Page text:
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Cinema returns to Lagos

Source: nigeriafilms.com

Lagos is the biggest city in Nigeria and sub-Saharan Africa, but until recently it did not even have any cinemas.
That is all the more surprising given that Nigerians love watching films: the country is famous for its thriving and expanding home-video industry.

Now, however, that has all changed, thanks to the Silverbird Cinemas - an upmarket five-screen Cineplex in the heart of Victoria Island.

Lagosians enter a grand atrium under a high dome decorated with cartoon characters. Then they take the escalator to the first floor to watch the latest releases - currently including Troy, Harry Potter 3 and Spiderman 2.

Films are shown on big screens with plush seats, little red lights illuminating the floor - and popcorn available from the cinema shop.

Gut instinct

The man responsible for this pool of luxury in the chaos that so often characterises Lagos, is Ben Murray-Bruce, a US-educated Nigerian entrepreneur, who already has his own TV and radio station
"There's never been a cineplex in Nigeria. In fact, even now the only other cineplexes in Africa are in Kenya and South Africa," he explained from his air-conditioned office on the third floor of the Cineplex building.

"I've wanted to bring cinema back for more than 20 years - but the timing wasn't right. And I thought the timing is right. In entertainment you go work with your gut instinct."

There were cinemas in Lagos in the 1960s, but they began going out of business in the 1970s - partly because of the difficulties of operating under military dictatorship.

Cinemas closed down across the country and today many are used as Pentecostal churches or Islamic education centres.

Pirate filming

But even with Ben Murray-Bruce's enthusiasm, this was not the easiest project to get off the ground.

Nigeria has an erratic power supply, which means that seven generators have been installed to make sure that the films do not stop mid-show and the air-conditioning does not break down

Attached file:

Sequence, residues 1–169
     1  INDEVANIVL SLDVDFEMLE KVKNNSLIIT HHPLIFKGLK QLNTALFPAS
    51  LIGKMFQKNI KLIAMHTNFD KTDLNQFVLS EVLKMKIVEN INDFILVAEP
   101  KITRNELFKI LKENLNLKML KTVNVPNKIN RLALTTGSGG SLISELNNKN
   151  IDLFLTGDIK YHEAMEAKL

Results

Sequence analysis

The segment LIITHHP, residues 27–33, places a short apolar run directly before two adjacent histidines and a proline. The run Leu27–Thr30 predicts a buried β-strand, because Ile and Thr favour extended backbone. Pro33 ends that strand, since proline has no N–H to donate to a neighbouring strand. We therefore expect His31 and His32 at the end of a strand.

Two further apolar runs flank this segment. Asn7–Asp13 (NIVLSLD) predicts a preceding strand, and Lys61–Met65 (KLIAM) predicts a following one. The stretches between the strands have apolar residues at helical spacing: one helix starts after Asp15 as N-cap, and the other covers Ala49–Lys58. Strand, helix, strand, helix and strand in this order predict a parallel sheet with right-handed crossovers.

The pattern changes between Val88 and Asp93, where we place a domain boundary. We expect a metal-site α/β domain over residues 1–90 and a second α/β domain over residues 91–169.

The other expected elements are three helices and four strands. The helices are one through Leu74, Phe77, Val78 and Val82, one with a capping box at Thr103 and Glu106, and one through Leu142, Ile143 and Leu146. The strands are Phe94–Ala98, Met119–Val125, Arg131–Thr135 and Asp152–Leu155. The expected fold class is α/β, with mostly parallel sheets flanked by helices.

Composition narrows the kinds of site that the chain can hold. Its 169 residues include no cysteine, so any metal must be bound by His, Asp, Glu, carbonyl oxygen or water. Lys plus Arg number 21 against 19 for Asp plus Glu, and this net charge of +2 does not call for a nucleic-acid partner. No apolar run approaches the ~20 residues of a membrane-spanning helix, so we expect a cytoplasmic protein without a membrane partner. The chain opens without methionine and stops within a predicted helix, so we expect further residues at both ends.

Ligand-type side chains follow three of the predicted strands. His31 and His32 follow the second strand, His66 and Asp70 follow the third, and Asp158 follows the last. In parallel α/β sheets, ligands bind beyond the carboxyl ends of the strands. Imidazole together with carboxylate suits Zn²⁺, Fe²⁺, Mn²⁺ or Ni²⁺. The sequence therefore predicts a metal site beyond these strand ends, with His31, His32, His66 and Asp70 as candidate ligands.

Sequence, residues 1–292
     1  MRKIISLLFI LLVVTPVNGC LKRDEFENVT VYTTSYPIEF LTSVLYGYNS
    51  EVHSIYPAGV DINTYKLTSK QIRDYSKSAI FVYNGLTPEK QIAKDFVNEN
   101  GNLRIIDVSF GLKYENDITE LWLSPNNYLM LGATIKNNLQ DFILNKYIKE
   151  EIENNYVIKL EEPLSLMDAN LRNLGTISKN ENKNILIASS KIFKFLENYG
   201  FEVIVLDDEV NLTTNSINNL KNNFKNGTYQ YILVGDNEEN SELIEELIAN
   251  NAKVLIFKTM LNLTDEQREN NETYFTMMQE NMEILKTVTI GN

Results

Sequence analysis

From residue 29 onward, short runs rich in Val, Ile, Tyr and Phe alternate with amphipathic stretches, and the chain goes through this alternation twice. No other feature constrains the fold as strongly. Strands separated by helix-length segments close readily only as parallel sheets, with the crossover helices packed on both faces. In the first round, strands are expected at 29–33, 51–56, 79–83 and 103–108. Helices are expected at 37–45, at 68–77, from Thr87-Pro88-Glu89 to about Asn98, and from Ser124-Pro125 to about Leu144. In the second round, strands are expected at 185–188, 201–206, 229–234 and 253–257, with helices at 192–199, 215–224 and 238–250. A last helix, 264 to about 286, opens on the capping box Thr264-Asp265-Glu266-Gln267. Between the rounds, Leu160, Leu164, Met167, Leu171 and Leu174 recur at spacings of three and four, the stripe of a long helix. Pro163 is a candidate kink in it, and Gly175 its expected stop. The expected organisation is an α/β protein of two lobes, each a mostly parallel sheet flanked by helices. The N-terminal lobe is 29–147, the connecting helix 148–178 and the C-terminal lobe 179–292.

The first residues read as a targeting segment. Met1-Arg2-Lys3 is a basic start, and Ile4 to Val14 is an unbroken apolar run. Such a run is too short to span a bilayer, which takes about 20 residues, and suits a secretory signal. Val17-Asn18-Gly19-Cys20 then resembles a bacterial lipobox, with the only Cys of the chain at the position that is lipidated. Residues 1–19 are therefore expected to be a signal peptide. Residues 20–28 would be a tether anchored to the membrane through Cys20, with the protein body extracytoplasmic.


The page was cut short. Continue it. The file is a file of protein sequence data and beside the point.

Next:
Mr Murray-Bruce has also had to convince film distributors that it is safe to send prints to Lagos - a city already awash with pirated DVDs of top Hollywood films.

Most of these copies are made by people going to the cinema with a video-camera.
Sometimes a head will appear in the frame, as a person in the audience gets up to go to the toilet.
"The argument I make to the studios is this: If you provide a product, maybe it will be pirated. But if you don't, then it's guaranteed to be pirated. And anyway, with the kind of box office returns we have now, they are convinced they have a hit on their hands," said Mr Murray-Bruce.

Just to be safe, however, no bags are allowed in the cinema - in case they contain a hidden camera.
Screams of excitement

On a brief tour of the impressive Silverbird Complex, which in time will also contain the biggest mall in Lagos, complete with three restaurants and more than 20 shops, it is clear that Mr Murray-Bruce is providing a much-desired service.
Children run around screaming with excitement, while trendily-dressed teenagers stand in awkward flocks and describe the experience as "really good - just like in America or London."

Mr Murray-Bruce is enormously satisfied with the public reaction.
"Whenever I go out now, people come up to thank me," he said, while graciously accepting praise from a middle-aged woman who has sought him out just to say she was happy that cinema has returned to the city.

"What gives me the most pleasure is seeing married couples, in their 30s, 40s, 50s coming here, watching movies and holding hands.
"I also see men with their kids. I saw a general the other day and I asked him: 'What are you watching?' He was embarrassed and said: 'Scooby Doo - because my four-year-old kid won't let me rest.'"

Mr Murray Bruce hopes that he will soon be able to expand his business - and set up Cineplexes in the southern oil town of Port Harcourt and the capital, Abuja.

"I see it as a social service. It makes me money, and I'm grateful for that, and we can also make a difference," he said.